As ultra-high speed network deployments continue to progress, operators have to decide on the fate of their legacy copper networks. Literally, they must manage their exit from the copper era.
Aging copper-based infrastructures are increasingly costly to maintain, especially when the operator is faced with rising customer expectations for network performance and quality of service impacted by FTTP standards. Over the past two years, incumbent operators have started to announce their copper switch-off dates and to implement the decommissioning of their legacy networks.
However, NGA deployment plans are not proceeding at the same pace everywhere, and although migration to fibre is proceeding steadily, a significant proportion of broadband access is still based on ADSL.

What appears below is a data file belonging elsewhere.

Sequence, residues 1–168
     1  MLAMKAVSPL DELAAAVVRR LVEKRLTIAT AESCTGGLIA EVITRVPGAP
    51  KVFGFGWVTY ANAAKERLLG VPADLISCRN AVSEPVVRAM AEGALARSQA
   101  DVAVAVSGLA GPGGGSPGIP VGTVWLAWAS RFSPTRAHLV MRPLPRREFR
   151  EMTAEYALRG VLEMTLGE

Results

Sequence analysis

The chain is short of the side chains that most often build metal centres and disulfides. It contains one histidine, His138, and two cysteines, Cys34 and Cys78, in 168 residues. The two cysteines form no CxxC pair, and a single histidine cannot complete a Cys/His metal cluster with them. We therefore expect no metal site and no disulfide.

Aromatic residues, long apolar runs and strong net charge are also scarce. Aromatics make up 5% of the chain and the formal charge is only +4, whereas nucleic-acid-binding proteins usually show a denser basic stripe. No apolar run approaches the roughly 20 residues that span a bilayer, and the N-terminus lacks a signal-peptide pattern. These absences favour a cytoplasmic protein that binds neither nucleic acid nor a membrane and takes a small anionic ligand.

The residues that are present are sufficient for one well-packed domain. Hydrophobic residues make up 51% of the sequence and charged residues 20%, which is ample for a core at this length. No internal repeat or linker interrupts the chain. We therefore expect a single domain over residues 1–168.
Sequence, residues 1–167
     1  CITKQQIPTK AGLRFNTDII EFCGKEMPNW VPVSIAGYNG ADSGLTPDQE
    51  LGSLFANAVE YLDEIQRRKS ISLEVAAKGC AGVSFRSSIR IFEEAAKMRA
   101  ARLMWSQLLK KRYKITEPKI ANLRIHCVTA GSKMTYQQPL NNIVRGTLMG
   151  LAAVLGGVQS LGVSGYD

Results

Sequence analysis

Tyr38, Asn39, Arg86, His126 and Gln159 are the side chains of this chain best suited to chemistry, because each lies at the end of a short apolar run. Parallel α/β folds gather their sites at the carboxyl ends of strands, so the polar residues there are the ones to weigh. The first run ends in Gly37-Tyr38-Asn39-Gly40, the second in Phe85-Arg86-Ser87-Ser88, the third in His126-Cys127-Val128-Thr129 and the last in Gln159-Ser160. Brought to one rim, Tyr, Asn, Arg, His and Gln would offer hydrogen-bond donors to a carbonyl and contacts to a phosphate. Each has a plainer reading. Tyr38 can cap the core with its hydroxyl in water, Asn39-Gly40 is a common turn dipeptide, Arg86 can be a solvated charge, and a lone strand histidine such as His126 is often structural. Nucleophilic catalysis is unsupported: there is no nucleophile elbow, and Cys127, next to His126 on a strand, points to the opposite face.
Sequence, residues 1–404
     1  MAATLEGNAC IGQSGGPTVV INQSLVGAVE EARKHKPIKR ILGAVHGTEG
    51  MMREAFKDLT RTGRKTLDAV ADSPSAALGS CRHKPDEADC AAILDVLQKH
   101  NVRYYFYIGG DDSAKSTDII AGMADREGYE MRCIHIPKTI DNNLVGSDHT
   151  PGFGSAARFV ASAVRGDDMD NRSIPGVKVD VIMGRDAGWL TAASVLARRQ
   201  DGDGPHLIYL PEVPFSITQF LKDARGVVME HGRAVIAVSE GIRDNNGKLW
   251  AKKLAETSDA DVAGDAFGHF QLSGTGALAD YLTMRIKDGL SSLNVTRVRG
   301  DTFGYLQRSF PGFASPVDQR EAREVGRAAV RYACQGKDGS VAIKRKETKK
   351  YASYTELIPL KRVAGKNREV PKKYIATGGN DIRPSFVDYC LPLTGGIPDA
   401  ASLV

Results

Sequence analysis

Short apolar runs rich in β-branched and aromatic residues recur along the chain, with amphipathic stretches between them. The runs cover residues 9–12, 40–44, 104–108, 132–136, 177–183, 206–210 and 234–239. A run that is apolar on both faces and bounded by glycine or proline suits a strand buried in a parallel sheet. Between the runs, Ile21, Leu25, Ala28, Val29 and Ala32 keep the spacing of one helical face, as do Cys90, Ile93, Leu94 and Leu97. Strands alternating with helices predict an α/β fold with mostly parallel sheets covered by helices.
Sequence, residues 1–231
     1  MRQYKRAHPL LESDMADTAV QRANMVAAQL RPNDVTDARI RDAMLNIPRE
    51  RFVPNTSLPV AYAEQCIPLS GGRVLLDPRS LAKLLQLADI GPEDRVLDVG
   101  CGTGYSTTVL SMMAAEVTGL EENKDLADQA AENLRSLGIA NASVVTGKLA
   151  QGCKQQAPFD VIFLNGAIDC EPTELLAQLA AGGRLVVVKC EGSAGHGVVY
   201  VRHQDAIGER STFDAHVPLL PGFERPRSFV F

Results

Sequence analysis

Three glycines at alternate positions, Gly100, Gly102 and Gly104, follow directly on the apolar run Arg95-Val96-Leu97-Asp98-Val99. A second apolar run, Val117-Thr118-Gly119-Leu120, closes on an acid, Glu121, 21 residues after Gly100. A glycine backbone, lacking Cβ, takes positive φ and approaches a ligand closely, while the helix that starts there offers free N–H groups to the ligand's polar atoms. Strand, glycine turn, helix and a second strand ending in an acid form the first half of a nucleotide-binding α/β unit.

Based on operators’ first-hand experiences with copper switch-off initiatives in Europe, Asia and North America, this report aims to provide an in-depth view of how copper decommissioning initiatives take place, what is at stake for the various parties, and how players balance the many diverse and sometimes countervailing interests at work behind the switch-off of legacy networks.
Copper switch-offAccess the study